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Digging Deeper: Players Who Wore No. 46

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Matt Gutridge's picture
July 17, 2018 at 7:01am

Only 46 days until Ohio State starts the 2018 against Oregon State. Below, you will find the 32 players who wore No. 46 for Ohio State. Today's featured players are Bob Ferguson, Ted Provost and Tim Spencer.

Bob Ferguson had a great Ohio State career. Woody considered Ferguson his best fullback. Unfortunately his collegiate success did not transfer to the NFL. More on Bob Ferguson's intriguing life is below.

Players Who Wore No. 46 At Ohio State
Mark Fleming 1933-34                    
Frank Mastako 1937                    
Leonard Thom 1939-40                   1939-40
Donald Steinberg* 1942                   1942
George Gordon* 1944                   1944
Park Blubaugh 1949                    
Earle Bruce* 1950                    
Robert Bond* 1952-53                   1952-53
Kenneth Thompson 1955                   1955
John Dresser 1957-58                    
Bob Ferguson 1959-61     1960, 1961   1962 1960, 1961       1959-61
Donald Harkins 1962-64                   1962-64
Stanley Hamlin 1965-66                   1965
Ted Provost 1967-69     1969     1968-69   1970   1967-69
Jon Breuleux 1970                    
Mike Gaffney 1972                   1972
Steven Luke* 1973-74           1974   1975   1973-74
Duncan Griffin 1975-78                   1975-78
Tim Spencer 1979-82       1982   1981, 1982   1983   1988
Kenneth Blair 1984                   1984
Jim Peel 1987-90                   1987-90
Marlon Kerner 1991-94       1994       1995   1991-94
Marcel Willis 1995-97                   1995, 1997
Fred Pagac Jr. 1999-2003                 2000, 2001, 2002, 2003 1999-2003
Chad Hoobler 2004-05                   2004-05
JD Larson 2006-08                   2008
KC Christian 2006-09                    
Grant Dziak 2009                    
Devin Hill 2013-14                    
Cinquan Haney 2015-17                    
Damon Arnette* 2018                    
Madu Enoli 2018                    

*Wore another number at Ohio State
Did not earn a varsity letter while wearing No. 46

Bob Ferguson

Bob Ferguson, FB (1959-61)
1939 (Troy, Ohio)
High School: Troy
Died: 2004 (Columbus)

Ohio State:
The Buckeyes were 18-7-2 with Ferguson on the team.
1961 National Champion.
1961 Big Ten Title.
Went 2-1 against That Team.

1961 Maxwell Award.
1961 All-American.
1961 All-Big Ten.
1961 Runner-up for Heisman Trophy.
1960 All-American.
1960 All-Big Ten.
1987 Inducted into the Ohio State Varsity O Hall of Fame.

Ferguson's career per The Ohio State Team Guide:

6-0, 217...from Troy, Ohio...won unanimous All-America honors last season after compiling a great record...scored 13 touchdowns, at least one in each game in 1960...had many long runs, four of 51 yards or more...carried 160 times for a net of 853, an average of 5.3 yards per carry...has unusual strength with powerful leg drive...majoring in physical education...hobby is fishing...from a family of four...played left halfback as a sophomore at Ohio State, averagin 6.1 yards per carry...during two years of competition, Ferguson has carried 221 times, gaining 1,224 yards and losing only one.

Is a strong linebacker on defense, but will likely see little action defensively...one of the strongest fullbacks in Ohio State history...will be a marked man in each Buckeye game this year.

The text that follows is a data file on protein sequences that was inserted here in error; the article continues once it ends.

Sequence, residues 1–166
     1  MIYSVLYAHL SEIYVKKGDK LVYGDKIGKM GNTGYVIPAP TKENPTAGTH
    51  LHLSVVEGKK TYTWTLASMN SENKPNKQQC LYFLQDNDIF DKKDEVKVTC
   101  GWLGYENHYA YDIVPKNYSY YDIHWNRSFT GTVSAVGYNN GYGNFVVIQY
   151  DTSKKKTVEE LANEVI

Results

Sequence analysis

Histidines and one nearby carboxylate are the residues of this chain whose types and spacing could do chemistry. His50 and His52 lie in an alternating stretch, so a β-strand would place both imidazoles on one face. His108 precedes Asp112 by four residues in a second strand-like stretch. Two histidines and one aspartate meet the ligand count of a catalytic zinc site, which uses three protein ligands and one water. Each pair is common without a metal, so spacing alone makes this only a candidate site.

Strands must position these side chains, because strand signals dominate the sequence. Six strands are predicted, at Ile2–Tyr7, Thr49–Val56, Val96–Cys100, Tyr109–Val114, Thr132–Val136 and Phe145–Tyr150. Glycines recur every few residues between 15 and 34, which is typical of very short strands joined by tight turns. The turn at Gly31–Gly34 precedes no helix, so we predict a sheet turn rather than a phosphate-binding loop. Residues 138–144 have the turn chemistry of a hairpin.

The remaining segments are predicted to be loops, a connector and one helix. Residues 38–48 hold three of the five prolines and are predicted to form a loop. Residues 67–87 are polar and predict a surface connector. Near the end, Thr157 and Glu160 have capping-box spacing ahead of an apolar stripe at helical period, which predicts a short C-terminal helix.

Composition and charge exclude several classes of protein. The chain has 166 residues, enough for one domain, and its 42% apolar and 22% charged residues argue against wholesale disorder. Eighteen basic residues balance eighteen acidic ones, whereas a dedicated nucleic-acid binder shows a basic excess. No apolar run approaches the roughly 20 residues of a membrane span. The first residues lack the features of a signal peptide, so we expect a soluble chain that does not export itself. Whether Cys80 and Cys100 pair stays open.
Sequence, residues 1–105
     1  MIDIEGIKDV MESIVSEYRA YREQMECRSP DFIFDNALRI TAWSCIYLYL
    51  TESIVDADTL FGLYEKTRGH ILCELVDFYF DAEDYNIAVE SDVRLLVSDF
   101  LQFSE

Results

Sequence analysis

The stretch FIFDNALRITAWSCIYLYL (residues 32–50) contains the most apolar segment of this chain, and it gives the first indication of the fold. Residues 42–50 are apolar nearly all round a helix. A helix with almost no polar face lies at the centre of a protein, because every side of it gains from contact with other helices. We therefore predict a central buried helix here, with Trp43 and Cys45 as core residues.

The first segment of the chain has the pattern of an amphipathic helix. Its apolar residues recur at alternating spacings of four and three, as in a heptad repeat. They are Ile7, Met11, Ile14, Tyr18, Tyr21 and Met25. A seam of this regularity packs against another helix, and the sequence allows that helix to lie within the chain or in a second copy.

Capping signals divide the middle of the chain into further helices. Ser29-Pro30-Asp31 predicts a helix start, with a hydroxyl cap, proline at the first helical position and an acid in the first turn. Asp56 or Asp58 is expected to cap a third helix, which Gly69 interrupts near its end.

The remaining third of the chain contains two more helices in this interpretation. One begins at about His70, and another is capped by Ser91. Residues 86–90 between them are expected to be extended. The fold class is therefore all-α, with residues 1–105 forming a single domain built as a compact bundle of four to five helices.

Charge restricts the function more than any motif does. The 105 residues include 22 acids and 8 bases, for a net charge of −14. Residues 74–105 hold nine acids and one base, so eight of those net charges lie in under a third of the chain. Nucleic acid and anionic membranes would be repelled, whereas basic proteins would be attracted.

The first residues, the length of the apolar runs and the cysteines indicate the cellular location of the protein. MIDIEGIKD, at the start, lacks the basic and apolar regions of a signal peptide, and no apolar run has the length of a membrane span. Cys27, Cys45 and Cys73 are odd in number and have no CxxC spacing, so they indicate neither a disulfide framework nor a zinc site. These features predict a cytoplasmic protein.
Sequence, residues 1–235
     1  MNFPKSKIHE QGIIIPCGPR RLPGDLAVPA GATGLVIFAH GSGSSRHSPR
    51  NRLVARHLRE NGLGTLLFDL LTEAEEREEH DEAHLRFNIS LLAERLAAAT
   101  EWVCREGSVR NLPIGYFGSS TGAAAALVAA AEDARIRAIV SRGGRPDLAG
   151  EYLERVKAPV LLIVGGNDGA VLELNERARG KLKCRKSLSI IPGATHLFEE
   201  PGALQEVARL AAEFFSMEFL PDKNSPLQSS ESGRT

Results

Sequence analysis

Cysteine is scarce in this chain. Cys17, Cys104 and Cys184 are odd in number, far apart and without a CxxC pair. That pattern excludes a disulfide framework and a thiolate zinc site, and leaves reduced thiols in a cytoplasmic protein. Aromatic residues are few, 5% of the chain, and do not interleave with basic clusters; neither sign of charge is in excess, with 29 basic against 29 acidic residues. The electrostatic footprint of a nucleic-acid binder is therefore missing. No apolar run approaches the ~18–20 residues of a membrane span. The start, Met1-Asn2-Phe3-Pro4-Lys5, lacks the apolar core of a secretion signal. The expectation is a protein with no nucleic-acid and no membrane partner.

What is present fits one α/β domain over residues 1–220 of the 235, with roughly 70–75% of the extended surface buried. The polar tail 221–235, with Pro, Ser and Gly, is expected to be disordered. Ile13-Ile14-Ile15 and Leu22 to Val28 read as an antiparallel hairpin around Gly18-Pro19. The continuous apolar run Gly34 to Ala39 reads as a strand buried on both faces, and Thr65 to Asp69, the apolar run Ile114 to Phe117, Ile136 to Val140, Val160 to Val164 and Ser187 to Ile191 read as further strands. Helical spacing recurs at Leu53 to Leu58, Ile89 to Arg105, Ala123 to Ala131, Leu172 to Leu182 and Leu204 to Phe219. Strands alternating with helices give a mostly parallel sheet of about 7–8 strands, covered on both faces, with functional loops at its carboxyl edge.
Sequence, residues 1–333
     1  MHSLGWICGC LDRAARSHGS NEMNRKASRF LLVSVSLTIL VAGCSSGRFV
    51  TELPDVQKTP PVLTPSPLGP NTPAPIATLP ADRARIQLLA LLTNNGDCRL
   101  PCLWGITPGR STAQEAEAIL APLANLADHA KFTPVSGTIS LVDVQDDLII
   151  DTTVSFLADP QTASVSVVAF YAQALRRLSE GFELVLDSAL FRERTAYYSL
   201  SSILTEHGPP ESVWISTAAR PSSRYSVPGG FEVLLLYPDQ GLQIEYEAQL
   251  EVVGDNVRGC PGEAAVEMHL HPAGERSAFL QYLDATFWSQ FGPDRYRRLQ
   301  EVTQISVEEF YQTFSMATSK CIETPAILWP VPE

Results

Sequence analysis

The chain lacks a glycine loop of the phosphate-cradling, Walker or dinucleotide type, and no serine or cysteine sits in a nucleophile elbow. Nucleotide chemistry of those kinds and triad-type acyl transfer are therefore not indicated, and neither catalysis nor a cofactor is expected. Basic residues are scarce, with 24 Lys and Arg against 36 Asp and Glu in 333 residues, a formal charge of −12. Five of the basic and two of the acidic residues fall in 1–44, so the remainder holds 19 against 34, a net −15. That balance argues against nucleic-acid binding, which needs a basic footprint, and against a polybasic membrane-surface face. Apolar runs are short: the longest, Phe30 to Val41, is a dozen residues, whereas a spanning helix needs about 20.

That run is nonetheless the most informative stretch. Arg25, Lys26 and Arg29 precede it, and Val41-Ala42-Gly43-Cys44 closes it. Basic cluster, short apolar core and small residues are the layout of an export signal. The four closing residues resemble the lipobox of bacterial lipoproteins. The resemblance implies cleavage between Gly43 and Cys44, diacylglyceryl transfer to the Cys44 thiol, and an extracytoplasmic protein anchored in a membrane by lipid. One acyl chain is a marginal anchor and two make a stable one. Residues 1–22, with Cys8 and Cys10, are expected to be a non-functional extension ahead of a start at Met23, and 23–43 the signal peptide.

Ferguson's Ohio State career per ohiostatebuckeyes.com:

At 6-1 and 220 pounds, Bob Ferguson was the consummate Ohio State fullback. A two-time All-American, Ferguson led Ohio State in rushing each of his three years as a starter He was the Maxwell Award winner and runner-up for the Heisman Trophy in 1961. He helped lead the Buckeyes to the 1961 National Championship with a 8-0-1 record.

“Riches to Rags” excerpts from The Toledo Blade in November of 1975:

Bob Ferguson, once an All-America fullback for Ohio State University and a national college football player of the year in 1961, lay critically ill at Howard University Hospital last week, stricken while living here under an assumed name, working as a laborer, to escape the bitter shortcomings of a life that never fulfilled the promise of his college days.

News of his condition—a stroke at age 35—and his presence in Washington has stunned his friends and family around Columbus, where he rose to national fame.

They say that Ferguson disappeared four years ago, leaving behind a wife and four children and that he had not been heard of since, even at the death of his parents.

Ferguson's NFL Career per The Toledo Blade:

“Bob's publicity killed him.” said Ed Kiely, press aide for the Steelers, in a 1962 interview.

“All the pros heard was that Ferguson lost only six yards rushing in his college career, three as a sophomore, one as a junior, and two as a senior.


Everybody wanted to get Ferguson behind the line of scrimmage, right from the first exhibition game. In one of his first exhibitions against the Detroit Lions, Kiely said “Carl Brettschneider, the Detroit Lions linebacker, got him two yards behind the line of scrimmage and told him, “This isn't the Big Ten Conference now, boy. Get up and try again.”

Ferguson's life after the NFL:

Ferguson went back to Columbus in late 1964 and found a job as a social worker with the Ohio Youth Commission. “He didn't talk about pro football. He kept most of his problems to himself,” Paul Martin, Ferguson's teammate and roommate, recalled.


“The kids idolized him, they really loved that guy,” said John Mummey, quarterback on Ferguson's college team. “But when you'd run into him you'd get the feeling he was thinking, 'Here I am working in Westinghouse and coaching this little football team and you're over at Ohio State, where I should be and I'm not and I'm ashamed. But he shouldn't have felt like that.”

Until last week, Salle Ferguson Thorpe said, no one she knew in Ohio had heard from Bob Ferguson in four years. “My parents passed away in 1973.” she said. “They never did understand why he did it. It really hurt both of them.”

All that Mrs. Thorpe could learn about Bob Ferguson's life the last few years was that he worked in construction under an assumed name and was laid off six months ago.

A health scare in 1975 and his time in Washington:

He was listed in critical condition, suffering from a subarachnoid hemorrage, or rupture of a blood vessel in the brain. He brought himself to the hospital October 28. His condition, according to Salle Thorpe, who is a nurse, is one caused in part by emotional stress.